Heat Legend

A Heat legend is used to depict a range of values and their corresponding color (heat).

Optionally, it can also indicate specific value's position with a tooltip.

An example of a heat legend

It's not very useful on it's own, but is extremely informative and valuable for heat-map charts and maps.

Creating a heat legend

A chart by default does not have a property, or special place to put Heat legend in, like it does for a regular Legend.

Luckily, amCharts 4 has a helpful layouting engine, which allows adding various items to its containers, and have them magically arranged.

Each Container (a chart is a Container) has a method createChild(type). If we pass in an element's class definition, it takes care of the rest - creates an instance and adds it into container, re-arranging all other elements to accommodate the new chart inhabitant.

Heat legend's class is, predictably, HeatLegend.

To create a Heat legend, we'll need to do this:

let heatLegend = chart.createChild(am4charts.HeatLegend);
var heatLegend = chart.createChild(am4charts.HeatLegend);
{
  // ...
  "children": {
    "type": "HeatLegend"
  }
}

Configuring a heat legend

Before our Heat legend can become useful, we'll need to do a little bit of configuration.

At the very least, a Heat legend needs to know these things:

  1. The end colors of our spectrum, represented by minColor and maxColor;
  2. The start and end values, represented by minValue and maxValue respectively;
let heatLegend = chart.createChild(am4charts.HeatLegend);
heatLegend.minColor = am4core.color("#F5DBCB");
heatLegend.maxColor = am4core.color("#ED7B84");
heatLegend.minValue = 0;
heatLegend.maxValue = 2000;
var heatLegend = chart.createChild(am4charts.HeatLegend);
heatLegend.minColor = am4core.color("#F5DBCB");
heatLegend.maxColor = am4core.color("#ED7B84");
heatLegend.minValue = 0;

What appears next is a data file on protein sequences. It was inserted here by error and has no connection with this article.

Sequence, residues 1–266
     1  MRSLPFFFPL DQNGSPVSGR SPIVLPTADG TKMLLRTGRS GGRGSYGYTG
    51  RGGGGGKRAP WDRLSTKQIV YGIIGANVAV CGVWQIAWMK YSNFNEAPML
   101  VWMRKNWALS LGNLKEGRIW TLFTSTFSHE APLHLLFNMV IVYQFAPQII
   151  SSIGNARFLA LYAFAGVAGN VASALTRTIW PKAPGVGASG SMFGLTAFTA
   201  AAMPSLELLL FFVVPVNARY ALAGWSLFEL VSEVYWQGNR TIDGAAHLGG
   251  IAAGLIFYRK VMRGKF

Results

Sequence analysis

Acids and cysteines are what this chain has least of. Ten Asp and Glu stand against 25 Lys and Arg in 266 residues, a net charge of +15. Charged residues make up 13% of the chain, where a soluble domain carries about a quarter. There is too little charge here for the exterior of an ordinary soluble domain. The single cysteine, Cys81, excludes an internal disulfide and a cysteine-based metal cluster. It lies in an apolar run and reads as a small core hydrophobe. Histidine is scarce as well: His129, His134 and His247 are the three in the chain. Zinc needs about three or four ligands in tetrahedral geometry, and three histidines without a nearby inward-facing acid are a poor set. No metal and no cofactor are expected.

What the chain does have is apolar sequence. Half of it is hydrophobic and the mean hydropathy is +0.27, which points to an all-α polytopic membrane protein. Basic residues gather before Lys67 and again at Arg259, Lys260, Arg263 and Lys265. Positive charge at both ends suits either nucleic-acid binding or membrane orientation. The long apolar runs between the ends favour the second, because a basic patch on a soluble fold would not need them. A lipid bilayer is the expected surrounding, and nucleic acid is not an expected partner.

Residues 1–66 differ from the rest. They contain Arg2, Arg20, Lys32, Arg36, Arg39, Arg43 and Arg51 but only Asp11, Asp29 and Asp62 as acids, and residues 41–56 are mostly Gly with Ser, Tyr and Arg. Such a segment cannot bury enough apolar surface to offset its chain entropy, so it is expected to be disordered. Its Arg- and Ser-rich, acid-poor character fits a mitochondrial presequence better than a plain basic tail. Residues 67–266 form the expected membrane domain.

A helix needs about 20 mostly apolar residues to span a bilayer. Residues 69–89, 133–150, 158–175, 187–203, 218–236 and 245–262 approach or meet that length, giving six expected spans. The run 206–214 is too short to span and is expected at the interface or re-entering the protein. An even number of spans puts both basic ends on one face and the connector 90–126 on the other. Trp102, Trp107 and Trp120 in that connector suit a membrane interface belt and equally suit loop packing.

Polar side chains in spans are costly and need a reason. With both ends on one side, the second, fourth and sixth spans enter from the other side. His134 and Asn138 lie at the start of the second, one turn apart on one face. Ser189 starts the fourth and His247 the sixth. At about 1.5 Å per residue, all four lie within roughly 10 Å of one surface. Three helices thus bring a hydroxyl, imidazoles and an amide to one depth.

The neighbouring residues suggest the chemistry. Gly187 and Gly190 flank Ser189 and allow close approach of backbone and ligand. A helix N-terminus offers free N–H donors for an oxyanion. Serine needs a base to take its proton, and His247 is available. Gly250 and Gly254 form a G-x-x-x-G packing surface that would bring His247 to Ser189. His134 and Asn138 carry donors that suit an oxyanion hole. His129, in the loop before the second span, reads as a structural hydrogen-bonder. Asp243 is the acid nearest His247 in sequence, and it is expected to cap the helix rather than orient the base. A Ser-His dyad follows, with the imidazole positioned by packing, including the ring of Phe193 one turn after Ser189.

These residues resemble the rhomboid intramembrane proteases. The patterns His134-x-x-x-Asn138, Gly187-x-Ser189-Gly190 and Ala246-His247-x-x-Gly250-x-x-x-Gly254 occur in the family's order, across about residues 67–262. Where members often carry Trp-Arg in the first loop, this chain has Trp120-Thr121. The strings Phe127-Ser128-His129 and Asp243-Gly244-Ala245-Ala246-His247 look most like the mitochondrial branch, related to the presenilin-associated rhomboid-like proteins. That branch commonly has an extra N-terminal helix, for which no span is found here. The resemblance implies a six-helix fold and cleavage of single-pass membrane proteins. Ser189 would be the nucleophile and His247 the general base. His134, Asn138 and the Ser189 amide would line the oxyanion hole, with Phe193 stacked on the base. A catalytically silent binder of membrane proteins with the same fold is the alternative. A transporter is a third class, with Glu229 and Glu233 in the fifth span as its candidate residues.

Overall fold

heatLegend.maxValue = 2000;
{
  // ...
  "children": {
    "type": "HeatLegend",
    "minColor": "#F5DBCB",
    "maxColor": "#ED7B84",
    "minValue": 0,
    "maxValue": 2000
  }
}

Now, our Heat legend starts to become useful:

See the Pen amCharts V4: Heat legend (1) by amCharts (@amcharts) on CodePen.24419

RELATED INFO We used a demo from our Heat-map series information as a basis point. Please refer to the original article for more information on creating heat-maps.

Using heat legend with series

So far we have been looking at how to create a manual Heat legend. We explicitly specified values and colors.

However, most of the time in heat-map chart scenarios, a chart will already have a heat-mapped series in it.

This simplifies our job, since we can assign our reference series to the legend's series property. If we do so, our legend will magically take all value and color configuration from the series, without as needing to specify them manually.

let heatLegend = chart.createChild(am4charts.HeatLegend);
heatLegend.series = series;
heatLegend.width = am4core.percent(100);
var heatLegend = chart.createChild(am4charts.HeatLegend);
heatLegend.series = series;
heatLegend.width = am4core.percent(100);
{
  // ...
  "series": {
    "id": "s1",
    // ...
  },
  // ...
  "children": {
    "type": "HeatLegend",
    "series": "s1",
    "width": "100%"
  }
}

NOTE In JSON config, we need to refer to the series by its id.

See the Pen amCharts V4: Heat legend (2) by amCharts (@amcharts) on CodePen.24419

Configuring heat legend

By default, the Heat legend only shows a nice gradient, depicting our heat colors.